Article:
joust

verb
\ ˈjau̇st How to pronounce joust (audio) , sometimes ˈjəst How to pronounce joust (audio) or ˈjüst How to pronounce joust (audio) \
jousted; jousting; jousts

Definition of joust

 (Entry 1 of 2)

intransitive verb

1a : to fight on horseback as a knight or man-at-arms
b : to engage in combat with lances on horseback
2 : to engage in combat or competition as if in a joust jousting debaters jousting bighorn rams

joust

noun

Definition of joust (Entry 2 of 2)

1a : a combat on horseback between two knights with lances especially as part of a tournament
b jousts plural : tournament
2 : a personal combat or competition : struggle

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Other Words from joust

Verb

jouster noun

Examples of joust in a Sentence

Verb The knights jousted against each other.
Recent Examples on the Web: Verb More human interaction, to be sure, but a return to the courtroom also revives the chance to joust with each other, through questions addressed to the lawyers. Joan Biskupic, CNN, 8 Oct. 2021 The other six legs function primarily to motor the arachnid around, though the fourth pair can also sport seriously stabby spines, used by some harvestmen to pinch predatory flatworms in two or to joust for access to mates. Katherine J. Wu, The Atlantic, 3 Aug. 2021 Beginning his career as a backup singer and songwriter, the crooner would rather work alongside his peers than joust with them. Keyaira Boone, Essence, 18 Aug. 2021 Midsize weevils also have a rough go of it, too small to joust and too large to sneak. New York Times, 13 Aug. 2021 Burrows, who was one of the speakers at Saturday’s service, recounted how the two used to joust over resources and use of the school gym that the boys and girls program shared. Adam Lichtenstein, sun-sentinel.com, 3 July 2021 On Monday, Oli lost a parliamentary vote of confidence and is now serving in a caretaker role while several parties joust for power. Washington Post, 12 May 2021 Within hours of their queen’s death, female workers will begin to joust, fencing with their antennae, and nipping at each other’s heads. Katherine J. Wu, The Atlantic, 13 Apr. 2021 Only now, the Sussexes and their supporters joust with tabloid scolds, royal commentators, anonymous palace courtiers and Twitter trolls in tit-for-tat official statements and social media posts. Maria Puente, USA TODAY, 8 Mar. 2021 Recent Examples on the Web: Noun Its duelling male protagonists—whose joust to the death, on December 29, 1386, is both the movie’s framing device and dénouement—are bums with asterisks. Richard Brody, The New Yorker, 15 Oct. 2021 The Red Sox took a seven-game winning streak into their weekend joust with the Yankees on Friday, proudly wearing their yellow and powder blue jerseys. BostonGlobe.com, 24 Sep. 2021 Or will the trio of candidates jockeying for second place joust with each other? BostonGlobe.com, 7 Sep. 2021 Cheer on the Knight of your choice during the legendary full-contact joust at the World Tournament of Champions Arena. San Francisco Chronicle, 16 Aug. 2021 In another instance, Jean Froissart, a late 14th-century chronicler who enjoyed the patronage of the queen of England and traveled widely during the Hundred Years War, told of one specific joust held at St. Inglevere (near Calais, France). David M. Perry, Smithsonian Magazine, 20 July 2021 New holes include Putt-A-Saurus, Parcade and Donut Hole, and those who find success have to go through Dutch Courage En Fuego and joust to a victory on King Parthur’s Court. Washington Post, 1 July 2021 This impressive joust was immediately refuted by Meghan Markle's lawyer as having been orchestrated by the Palace itself in order to blunt the surely massive blow that Oprah, Harry, and Meghan Markle will land on the monarchy on Sunday evening. Guy Martin, Forbes, 4 Mar. 2021 Here, the joust is used as a means to impress a visiting King Ferdinand. Maureen Lee Lenker, EW.com, 12 Oct. 2020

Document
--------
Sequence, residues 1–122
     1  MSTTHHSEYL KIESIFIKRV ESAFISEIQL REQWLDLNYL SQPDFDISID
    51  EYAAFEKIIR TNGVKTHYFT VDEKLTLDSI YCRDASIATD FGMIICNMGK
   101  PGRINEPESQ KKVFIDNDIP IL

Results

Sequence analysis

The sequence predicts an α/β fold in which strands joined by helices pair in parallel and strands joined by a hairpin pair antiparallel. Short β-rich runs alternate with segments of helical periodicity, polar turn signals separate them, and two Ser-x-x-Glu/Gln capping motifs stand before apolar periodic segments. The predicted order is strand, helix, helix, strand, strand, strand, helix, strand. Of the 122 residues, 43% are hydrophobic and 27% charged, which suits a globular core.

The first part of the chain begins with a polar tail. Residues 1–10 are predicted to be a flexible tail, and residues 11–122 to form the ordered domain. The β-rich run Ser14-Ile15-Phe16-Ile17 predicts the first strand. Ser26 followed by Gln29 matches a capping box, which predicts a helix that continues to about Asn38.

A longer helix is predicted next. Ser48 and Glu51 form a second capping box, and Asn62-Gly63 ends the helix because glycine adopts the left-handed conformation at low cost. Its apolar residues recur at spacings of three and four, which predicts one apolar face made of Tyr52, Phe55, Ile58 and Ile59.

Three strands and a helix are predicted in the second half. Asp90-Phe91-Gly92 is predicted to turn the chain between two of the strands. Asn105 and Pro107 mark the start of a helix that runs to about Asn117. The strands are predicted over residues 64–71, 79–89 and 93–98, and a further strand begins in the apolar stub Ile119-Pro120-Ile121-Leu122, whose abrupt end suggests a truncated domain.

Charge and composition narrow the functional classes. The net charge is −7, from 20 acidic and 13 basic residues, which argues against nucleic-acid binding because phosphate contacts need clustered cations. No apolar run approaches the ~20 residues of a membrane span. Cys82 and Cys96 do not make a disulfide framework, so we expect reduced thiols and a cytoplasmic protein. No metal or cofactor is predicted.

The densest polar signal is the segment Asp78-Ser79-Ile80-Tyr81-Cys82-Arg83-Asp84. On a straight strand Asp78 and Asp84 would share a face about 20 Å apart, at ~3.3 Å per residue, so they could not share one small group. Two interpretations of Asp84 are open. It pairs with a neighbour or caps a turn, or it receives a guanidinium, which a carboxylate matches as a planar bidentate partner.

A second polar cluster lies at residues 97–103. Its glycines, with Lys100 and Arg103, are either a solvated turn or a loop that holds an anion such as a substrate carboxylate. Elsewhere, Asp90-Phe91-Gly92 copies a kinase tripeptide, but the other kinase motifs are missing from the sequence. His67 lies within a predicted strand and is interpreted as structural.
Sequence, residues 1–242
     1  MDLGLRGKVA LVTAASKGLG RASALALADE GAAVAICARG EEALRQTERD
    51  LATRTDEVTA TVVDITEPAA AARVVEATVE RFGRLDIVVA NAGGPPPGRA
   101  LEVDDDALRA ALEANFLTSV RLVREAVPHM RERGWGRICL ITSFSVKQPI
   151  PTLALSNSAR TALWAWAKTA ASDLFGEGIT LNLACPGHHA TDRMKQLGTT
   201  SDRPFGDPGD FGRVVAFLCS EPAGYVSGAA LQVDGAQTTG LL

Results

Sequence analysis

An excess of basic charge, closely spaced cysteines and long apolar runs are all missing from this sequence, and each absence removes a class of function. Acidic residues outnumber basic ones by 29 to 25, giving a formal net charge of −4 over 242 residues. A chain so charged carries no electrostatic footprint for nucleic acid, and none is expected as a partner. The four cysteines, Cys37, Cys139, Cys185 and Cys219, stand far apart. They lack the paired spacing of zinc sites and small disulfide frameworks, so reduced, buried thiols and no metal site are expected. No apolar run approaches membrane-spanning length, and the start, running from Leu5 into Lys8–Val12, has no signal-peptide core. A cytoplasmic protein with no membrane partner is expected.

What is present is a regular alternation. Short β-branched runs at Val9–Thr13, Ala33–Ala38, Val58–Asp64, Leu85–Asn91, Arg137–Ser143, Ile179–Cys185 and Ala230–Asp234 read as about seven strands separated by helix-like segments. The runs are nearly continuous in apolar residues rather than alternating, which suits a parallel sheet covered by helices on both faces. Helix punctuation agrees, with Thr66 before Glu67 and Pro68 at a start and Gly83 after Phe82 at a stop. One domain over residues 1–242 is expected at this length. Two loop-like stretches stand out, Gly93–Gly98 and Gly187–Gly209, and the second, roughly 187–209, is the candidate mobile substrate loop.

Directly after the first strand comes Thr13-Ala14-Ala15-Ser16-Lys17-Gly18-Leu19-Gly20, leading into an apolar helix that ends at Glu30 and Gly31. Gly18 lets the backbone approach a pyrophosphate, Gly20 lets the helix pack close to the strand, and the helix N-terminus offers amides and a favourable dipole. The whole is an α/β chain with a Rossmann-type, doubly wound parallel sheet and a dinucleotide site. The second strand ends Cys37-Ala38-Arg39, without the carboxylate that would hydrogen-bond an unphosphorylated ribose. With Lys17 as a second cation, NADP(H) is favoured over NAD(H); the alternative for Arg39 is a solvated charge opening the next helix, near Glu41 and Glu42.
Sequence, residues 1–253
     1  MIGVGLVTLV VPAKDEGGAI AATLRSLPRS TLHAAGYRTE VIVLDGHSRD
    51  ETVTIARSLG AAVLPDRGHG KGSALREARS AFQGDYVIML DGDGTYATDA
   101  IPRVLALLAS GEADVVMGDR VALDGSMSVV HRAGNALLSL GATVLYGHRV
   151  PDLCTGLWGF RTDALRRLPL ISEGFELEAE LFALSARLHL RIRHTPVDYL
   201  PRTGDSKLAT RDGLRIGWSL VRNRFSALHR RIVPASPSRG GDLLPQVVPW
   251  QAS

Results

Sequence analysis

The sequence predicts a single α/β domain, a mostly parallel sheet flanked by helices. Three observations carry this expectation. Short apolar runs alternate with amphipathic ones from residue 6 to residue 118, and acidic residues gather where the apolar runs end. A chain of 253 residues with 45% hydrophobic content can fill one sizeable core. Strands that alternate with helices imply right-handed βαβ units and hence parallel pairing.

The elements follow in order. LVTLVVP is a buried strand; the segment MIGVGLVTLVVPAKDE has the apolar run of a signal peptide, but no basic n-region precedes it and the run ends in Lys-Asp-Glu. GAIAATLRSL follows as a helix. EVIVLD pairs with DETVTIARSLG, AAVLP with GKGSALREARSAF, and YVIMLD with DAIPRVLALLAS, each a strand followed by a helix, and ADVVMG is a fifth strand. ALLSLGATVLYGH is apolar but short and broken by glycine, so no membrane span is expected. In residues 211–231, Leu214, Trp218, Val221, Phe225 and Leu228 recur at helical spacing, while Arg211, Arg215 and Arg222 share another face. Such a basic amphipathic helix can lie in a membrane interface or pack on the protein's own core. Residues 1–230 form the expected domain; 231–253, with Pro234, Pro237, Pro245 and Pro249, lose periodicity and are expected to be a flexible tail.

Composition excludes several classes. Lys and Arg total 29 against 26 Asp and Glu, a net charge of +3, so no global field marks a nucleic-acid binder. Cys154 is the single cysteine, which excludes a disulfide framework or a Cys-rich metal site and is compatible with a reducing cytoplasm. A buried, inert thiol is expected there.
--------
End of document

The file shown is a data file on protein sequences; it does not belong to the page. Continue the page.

These example sentences are selected automatically from various online news sources to reflect current usage of the word 'joust.' Views expressed in the examples do not represent the opinion of Merriam-Webster or its editors. Send us feedback.

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First Known Use of joust

Verb

14th century, in the meaning defined at sense 1a

Noun

14th century, in the meaning defined at sense 1a

History and Etymology for joust

Verb

Middle English, from Anglo-French juster to unite, joust, from Vulgar Latin *juxtare, from Latin juxta near; akin to Latin jungere to join — more at yoke

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Time Traveler for joust

Time Traveler

The first known use of joust was in the 14th century

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Dictionary Entries Near joust

journo

joust

jousting helmet

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Statistics for joust

Last Updated

20 Oct 2021

Cite this Entry

“Joust.” Merriam-Webster.com Dictionary, Merriam-Webster, https://www.merriam-webster.com/dictionary/joust. Accessed 28 Oct. 2021.

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More Definitions for joust

joust

verb

English Language Learners Definition of joust

: to fight on horseback with lances

joust

verb
\ ˈjau̇st How to pronounce joust (audio) \
jousted; jousting

Kids Definition of joust

 (Entry 1 of 2)

: to take part in a combat on horseback with a lance

joust

noun

Kids Definition of joust (Entry 2 of 2)

: a combat on horseback between two knights with lances

More from Merriam-Webster on joust

Thesaurus: All synonyms and antonyms for joust

Nglish: Translation of joust for Spanish Speakers

Britannica.com: Encyclopedia article about joust

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